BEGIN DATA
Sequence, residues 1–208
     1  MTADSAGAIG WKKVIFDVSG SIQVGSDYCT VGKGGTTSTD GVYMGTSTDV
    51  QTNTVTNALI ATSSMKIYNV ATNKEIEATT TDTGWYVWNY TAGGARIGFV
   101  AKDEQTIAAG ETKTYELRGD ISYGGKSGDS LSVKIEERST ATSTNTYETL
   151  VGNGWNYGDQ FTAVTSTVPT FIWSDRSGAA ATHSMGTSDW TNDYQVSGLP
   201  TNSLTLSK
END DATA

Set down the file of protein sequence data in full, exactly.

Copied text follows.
Sequence, residues 1–208
     1  MTADSAGAIG WKKVIFDVSG SIQVGSDYCT VGKGGTTSTD GVYMGTSTDV
    51  QTNTVTNALI ATSSMKIYNV ATNKEIEATT TDTGWYVWNY TAGGARIGFV
   101  AKDEQTIAAG ETKTYELRGD ISYGGKSGDS LSVKIEERST ATSTNTYETL
   151  VGNGWNYGDQ FTAVTSTVPT FIWSDRSGAA ATHSMGTSDW TNDYQVSGLP
   201  TNSLTLSK